It could soon get a lot harder to find out how many preschoolers were suspended more than once in California or how many children of different racial and ethnic groups have access to preschool.
In the past, researchers, advocates and policymakers who wanted to know this kind of information about any school district in the country could look it up in a massive database of civil rights data collected every two years by the U.S. Department of Education. That data can be used to show educational disparities between genders and racial and ethnic groups.
Now, the U.S. Department of Education is proposing to stop collecting a wide range of data, including information about young children, such as how many children have access to preschool and kindergarten, broken down by race, sex, disability and English learner status. In addition, the department wants to stop separating out the number of preschoolers who received more than one suspension from those who only received one.
Other data that may no longer be collected include several categories of data for K-12 grades, ranging from teacher experience and teacher absenteeism to how many students take AP courses in subjects other than math, science or computer science.
The U.S. Department of Education argues in its September notice seeking public comment that the changes “will have the net effect of reducing burden on school districts.”
The number of children suspended from preschool has gained more attention in recent years, after the data collected by the U.S. Department of Education in 2011-12 showed that nationwide, black children represent 18 percent of preschool enrollment, but 48 percent of preschool children suspended more than once, while white students were 43 percent of preschool enrollment, but 26 percent of those suspended more than once. If the department no longer collects data on access to preschool, broken down by race and ethnicity, and also no longer separates children who were suspended once from those suspended more than once, it will make it harder to see this kind of inequity.
The database also shows how many school districts in each state offer preschool, whether the programs are part-day or full-day and how many children have access to it. In addition, it shows the percentage of children in each state who had to repeat kindergarten, broken down by racial or ethnic group. The 2011-12 data showed, for example, that 9 percent of Native American children in California were kept back a year in kindergarten, compared to 4 percent of white children.
The changes are being proposed just as California launches into developing a Master Plan for Early Learning and Care to expand and improve its early childhood programs. The loss of the information collected by the federal government would make it difficult to gauge where the state needs to focus to address gaps in care and education for children 0-5 years old and to compare California to other states.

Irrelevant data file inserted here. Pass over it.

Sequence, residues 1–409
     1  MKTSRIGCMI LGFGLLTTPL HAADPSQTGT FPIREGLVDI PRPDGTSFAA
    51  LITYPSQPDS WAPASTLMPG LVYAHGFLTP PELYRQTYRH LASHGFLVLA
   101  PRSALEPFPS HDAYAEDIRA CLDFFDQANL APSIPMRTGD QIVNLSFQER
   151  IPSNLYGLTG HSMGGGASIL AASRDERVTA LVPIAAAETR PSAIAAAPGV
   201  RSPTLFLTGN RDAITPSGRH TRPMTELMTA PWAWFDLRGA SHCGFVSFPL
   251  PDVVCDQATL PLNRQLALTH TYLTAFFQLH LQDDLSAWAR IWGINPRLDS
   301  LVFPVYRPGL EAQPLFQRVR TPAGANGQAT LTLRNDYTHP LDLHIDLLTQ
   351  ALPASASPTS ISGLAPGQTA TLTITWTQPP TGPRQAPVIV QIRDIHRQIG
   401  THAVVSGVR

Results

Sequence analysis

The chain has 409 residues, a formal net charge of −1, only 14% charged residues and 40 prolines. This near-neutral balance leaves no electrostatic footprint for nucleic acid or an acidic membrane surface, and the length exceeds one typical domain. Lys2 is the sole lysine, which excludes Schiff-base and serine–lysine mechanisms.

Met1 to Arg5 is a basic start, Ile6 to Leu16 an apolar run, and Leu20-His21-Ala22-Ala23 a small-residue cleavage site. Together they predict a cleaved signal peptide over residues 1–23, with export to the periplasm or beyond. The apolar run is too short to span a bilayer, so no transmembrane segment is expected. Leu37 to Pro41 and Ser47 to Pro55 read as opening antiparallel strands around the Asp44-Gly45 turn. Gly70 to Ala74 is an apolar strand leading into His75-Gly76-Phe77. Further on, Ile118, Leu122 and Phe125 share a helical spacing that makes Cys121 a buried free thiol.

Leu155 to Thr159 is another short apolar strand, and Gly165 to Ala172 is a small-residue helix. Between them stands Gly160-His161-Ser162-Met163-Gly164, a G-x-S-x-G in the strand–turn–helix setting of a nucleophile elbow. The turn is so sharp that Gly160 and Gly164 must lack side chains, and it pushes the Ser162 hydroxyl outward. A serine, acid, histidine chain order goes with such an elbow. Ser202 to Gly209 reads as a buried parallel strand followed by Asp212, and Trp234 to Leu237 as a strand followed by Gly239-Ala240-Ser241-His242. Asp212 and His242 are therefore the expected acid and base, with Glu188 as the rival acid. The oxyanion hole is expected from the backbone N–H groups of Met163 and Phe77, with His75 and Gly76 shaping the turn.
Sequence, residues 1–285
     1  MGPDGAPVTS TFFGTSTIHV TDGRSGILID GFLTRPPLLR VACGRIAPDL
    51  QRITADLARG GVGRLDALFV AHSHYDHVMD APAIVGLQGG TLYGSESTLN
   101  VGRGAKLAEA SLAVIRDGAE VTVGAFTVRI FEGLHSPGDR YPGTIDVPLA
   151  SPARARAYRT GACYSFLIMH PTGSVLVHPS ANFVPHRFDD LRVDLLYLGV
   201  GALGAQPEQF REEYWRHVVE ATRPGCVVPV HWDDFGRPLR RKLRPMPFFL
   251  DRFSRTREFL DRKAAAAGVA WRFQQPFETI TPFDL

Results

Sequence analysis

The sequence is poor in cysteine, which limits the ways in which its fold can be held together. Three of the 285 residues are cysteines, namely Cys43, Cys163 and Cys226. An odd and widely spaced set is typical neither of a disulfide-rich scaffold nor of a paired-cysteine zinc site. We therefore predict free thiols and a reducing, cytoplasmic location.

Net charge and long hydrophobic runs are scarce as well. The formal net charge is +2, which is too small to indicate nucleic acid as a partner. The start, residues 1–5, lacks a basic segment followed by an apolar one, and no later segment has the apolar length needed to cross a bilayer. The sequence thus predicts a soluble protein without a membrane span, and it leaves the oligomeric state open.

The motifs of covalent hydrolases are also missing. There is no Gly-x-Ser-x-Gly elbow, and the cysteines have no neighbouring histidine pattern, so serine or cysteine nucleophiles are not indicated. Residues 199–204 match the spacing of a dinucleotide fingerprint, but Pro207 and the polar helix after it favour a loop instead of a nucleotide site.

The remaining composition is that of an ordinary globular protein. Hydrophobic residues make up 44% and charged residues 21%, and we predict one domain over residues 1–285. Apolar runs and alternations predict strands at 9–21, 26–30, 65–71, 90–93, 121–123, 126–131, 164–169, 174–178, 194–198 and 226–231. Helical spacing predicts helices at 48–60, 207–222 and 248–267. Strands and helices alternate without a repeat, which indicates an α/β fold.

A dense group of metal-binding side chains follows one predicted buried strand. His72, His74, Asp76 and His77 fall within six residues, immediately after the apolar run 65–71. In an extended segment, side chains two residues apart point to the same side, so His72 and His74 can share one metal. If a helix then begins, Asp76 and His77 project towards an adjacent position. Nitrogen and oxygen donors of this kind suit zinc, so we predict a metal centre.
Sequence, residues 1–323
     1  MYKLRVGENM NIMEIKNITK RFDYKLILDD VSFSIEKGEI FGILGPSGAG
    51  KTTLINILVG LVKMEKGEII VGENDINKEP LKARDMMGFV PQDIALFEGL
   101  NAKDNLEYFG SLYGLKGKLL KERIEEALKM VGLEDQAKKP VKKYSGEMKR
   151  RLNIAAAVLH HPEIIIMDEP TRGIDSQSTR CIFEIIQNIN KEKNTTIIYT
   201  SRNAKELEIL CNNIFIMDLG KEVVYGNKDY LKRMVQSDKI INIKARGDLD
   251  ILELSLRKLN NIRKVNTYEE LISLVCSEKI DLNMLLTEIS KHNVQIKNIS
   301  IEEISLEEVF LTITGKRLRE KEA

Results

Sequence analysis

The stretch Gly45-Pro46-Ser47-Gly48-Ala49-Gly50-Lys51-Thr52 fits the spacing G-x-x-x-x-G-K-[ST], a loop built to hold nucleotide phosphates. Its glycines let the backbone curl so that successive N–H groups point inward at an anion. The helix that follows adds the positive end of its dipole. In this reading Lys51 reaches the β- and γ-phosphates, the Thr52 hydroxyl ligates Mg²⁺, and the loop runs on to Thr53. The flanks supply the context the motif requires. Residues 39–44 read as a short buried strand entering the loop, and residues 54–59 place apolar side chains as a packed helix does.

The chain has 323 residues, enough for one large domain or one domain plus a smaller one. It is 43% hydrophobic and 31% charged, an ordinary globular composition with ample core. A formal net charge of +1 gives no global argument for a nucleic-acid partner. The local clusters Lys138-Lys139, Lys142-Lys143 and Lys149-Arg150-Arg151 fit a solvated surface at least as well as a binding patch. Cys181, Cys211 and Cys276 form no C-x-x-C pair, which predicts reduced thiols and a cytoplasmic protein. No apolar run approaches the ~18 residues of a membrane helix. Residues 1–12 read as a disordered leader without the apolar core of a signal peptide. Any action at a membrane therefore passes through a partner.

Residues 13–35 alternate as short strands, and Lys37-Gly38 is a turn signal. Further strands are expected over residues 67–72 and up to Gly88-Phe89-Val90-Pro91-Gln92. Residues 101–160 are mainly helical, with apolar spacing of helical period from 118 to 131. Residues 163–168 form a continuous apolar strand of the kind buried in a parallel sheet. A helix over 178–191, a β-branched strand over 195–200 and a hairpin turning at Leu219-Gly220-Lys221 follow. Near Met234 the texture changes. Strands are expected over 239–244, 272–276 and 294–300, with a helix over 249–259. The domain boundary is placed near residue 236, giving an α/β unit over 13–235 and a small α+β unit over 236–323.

Earlier this year, Secretary of Education Betsy DeVos announced in a press release that the U.S. Department of Education’s Office for Civil Rights would partner with the National Center for Education Statistics (NCES) “to make sure that we are doing everything we can to help states and school districts provide correct CRDC (Civil Rights Data Collection) data that can be relied on by the public, parents and families.”
In public comments on the proposal that closed in November, some groups, such as the American Association of School Administrators, which represents 14,000 school superintendents, agreed that the current data collection is a burden.
But multiple advocates, civil rights groups and state officials submitted comments opposing the plan, arguing that the changes will hurt efforts to close gaps in access to early education.
State Attorney General Xavier Becerra said the proposed changes to the Civil Rights Data Collection would affect California’s ability to analyze disparities in early childhood education and preschool discipline among different racial and ethnic groups.
“The CRDC data on preschool discipline inequities has spurred significant policy change across the country, including in California,” Becerra said.
Jessica Cardichon, director of federal policy for the Learning Policy Institute, a Palo-Alto based research institution, said the change in collecting preschool discipline data is particularly egregious, in part because the U.S. Department of Education last year also rescinded discipline guidance issued under the Obama administration directing school districts to reduce racial disparities in student discipline practices.
“It’s kind of a double hit,” Cardichon said. “You’re losing the federal guidance and now there’s a move to actually limit the data that reveals the disparities the guidance was meant to address.”
Several other California-based organizations also advocated in public comments for continuing to collect the early childhood education data.
“The state of California is engaged in a concerted effort to increase access to early childhood education, and these data from the CRDC are crucial to understanding what steps school districts have already taken to promote access and how early childhood education offerings by local school districts compare to those of school districts nationwide,” stated the Santa Clara County Office of Education. The county office of education added that the data collected by the U.S. Department of Education helps the county superintendent of schools understand disparities in access to kindergarten, preschool and infant care among different school districts within the county.
The UC Berkeley Center for the Study of Child Care Employment’s comment states that the proposed changes “represent a step backward in reducing opportunity gaps and advancing racial equity in our nation’s education system.”
It is not clear when the Department of Education will make a final decision on the changes.
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